], jump methods [13
], and weighted gap statistics [14
]. Moreover, supervised approaches to cluster validation such as using re-sampling strategy [15
], prediction strength [16
], methods based on mixture models and inference of Bayesian factors[17
], or strategies which are application-specific [19
] have also been previously implemented. Nevertheless, most existing methods are subject to certain hypothesis on a fixed dataset, and cannot be directly used for online phenotype discovery where new images continuously extend the dataset and millions of cells are involved. Improper assumptions on data structure may cause incorrect division or merging of biologically meaningful phenotypes. To avoid this problem, such methods combine each new image with the whole existing dataset (regardless of the large difference in cell numbers) and frequently re-run from the very beginning.
Methods for online phenotype discovery should be sensitive and flexible to various phenotypes and avoid frequent re-modelling involving complete existing datasets. As a kernel machine based novelty detection method, one-class SVM is used for "off-line" phenotype discovery [20
]. However, two major points limit its application to high-throughput image-based screens, especially for screens of cell shape regulators. First
, in one-class SVM all the test samples are classified into two classes, "novel" and "known", however many high-throughput RNAi datasets may potentially contain multiple
diverse and unique novel phenotypes which should not necessarily be grouped together. Subsequent cluster analysis would be needed to identify and model different novel phenotypes following the use of one-class SVM. Second
, each time a novel phenotype is discovered using one-class SVM, the support vectors need to be modified so that the newly discovered phenotype are included as "known" in the following loops, otherwise it will continuously be identified as novel in future. As mentioned earlier, in a typical RNAi screen on 1,000–10,000s genes with dozens of images for each RNAi and 100s of cells in each image, such updating would involve millions of cells and is intractable.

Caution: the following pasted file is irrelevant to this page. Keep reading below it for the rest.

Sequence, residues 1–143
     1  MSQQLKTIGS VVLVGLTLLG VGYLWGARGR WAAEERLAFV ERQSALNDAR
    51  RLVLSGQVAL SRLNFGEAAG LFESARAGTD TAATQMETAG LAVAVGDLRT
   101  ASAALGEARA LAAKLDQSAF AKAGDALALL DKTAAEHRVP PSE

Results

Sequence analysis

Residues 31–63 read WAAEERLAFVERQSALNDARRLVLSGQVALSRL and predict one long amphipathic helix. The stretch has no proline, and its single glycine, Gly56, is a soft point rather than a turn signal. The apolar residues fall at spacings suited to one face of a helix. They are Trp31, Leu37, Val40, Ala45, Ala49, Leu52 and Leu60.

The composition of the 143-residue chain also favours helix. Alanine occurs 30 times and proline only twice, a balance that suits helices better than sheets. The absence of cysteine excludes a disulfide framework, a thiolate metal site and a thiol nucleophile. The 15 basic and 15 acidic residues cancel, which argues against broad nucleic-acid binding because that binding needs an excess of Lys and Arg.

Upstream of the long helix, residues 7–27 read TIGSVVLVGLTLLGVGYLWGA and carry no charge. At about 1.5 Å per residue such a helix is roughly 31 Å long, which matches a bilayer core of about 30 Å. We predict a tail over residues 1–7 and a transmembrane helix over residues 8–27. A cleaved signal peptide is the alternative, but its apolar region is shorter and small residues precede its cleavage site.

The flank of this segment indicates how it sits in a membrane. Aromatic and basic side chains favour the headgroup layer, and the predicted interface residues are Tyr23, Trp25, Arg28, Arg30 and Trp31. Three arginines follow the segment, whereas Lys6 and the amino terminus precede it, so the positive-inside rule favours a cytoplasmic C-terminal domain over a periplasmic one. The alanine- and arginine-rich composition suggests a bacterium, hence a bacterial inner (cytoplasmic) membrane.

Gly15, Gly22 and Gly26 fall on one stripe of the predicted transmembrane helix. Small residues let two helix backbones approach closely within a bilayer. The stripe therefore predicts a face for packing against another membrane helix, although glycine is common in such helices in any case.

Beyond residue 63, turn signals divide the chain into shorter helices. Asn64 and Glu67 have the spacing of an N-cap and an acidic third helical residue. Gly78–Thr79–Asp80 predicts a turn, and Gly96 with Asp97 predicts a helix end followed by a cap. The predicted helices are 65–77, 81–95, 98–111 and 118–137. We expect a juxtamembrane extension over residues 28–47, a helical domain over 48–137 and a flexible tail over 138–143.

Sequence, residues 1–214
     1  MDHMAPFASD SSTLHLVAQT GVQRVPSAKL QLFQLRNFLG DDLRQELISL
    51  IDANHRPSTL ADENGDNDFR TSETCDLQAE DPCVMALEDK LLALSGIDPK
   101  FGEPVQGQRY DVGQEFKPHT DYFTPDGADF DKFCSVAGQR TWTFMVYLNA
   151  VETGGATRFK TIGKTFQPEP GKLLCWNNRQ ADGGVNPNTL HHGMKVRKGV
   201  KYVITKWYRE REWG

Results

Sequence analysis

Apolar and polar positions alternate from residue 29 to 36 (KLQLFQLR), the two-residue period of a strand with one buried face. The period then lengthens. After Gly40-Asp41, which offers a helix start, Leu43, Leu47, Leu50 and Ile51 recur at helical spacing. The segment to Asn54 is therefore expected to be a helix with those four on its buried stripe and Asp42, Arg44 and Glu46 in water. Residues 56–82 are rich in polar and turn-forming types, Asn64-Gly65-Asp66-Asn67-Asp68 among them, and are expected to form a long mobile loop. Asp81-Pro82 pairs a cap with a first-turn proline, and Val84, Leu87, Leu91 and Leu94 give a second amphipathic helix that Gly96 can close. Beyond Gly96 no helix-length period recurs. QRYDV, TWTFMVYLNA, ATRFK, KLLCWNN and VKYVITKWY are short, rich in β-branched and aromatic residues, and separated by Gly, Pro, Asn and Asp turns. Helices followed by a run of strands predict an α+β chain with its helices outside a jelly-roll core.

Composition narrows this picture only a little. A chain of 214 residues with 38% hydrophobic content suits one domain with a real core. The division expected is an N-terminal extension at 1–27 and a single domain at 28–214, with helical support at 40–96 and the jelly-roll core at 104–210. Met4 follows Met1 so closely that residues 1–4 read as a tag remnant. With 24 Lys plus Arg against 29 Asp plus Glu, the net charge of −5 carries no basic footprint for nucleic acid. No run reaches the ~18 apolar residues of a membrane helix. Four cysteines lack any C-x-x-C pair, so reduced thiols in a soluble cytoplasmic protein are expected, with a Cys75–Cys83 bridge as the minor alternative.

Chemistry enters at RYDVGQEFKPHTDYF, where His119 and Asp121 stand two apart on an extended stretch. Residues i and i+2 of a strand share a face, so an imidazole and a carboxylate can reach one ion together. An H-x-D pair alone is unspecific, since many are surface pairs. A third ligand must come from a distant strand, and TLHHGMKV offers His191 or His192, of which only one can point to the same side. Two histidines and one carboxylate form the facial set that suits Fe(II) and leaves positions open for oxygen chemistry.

Here we describe the development of an online phenotype discovery pipeline that we implemented in the context of a high-throughput image-based RNAi screen for regulators of cell shape. A simplified scheme of online phenotype discovery is shown in Figure . Online phenotype discovery demands adaptively identifying various novel phenotypes based on multiple existing phenotypes (e.g. those identified a priori
by biologists), being sensitive and flexible to various new phenotypes and avoiding frequent re-modelling using large existing dataset. Our method includes two key components: phenotype modelling and iterative cluster merging. First
, a Gaussian Mixture Model (GMM) is estimated for each existing phenotype following [21
, iterative cluster merging are performed based on gap statistics. When a new image is incorporated, we sample the GMM of each existing phenotypes and start a series of merging loops. In each loop, the image is combined with sample set for one existing phenotype and we estimate cluster number in such combined dataset using gap statistics and use GMM of existing phenotype as part of the reference distributions. If some cells in the new image are clustered together with samples from the existing phenotype, they are merged into the existing phenotype, i.e. they are included into the dataset of existing phenotype and deleted from the new image. The iterations continue until sample set from each existing phenotype has been combined with the new image and has merged with its counterpart (if any exist). Upon completion of all loops, the remaining cell groups in the new image are identified as the candidate of new phenotypes. By sampling reference dataset from new image and existing phenotype separately, utilizing the GMM for existing phenotypes as (part of) reference distribution and involving existing clusters one by one, our method improves the ideas in [12
] and becomes more effective. Experimental results show that the proposed method is robust and efficient for online phenotype modelling and discovery in the context of diverse image-based screens, especially RNAi screens on Drosophila
Tasks and simple scheme of online phenotype discovery.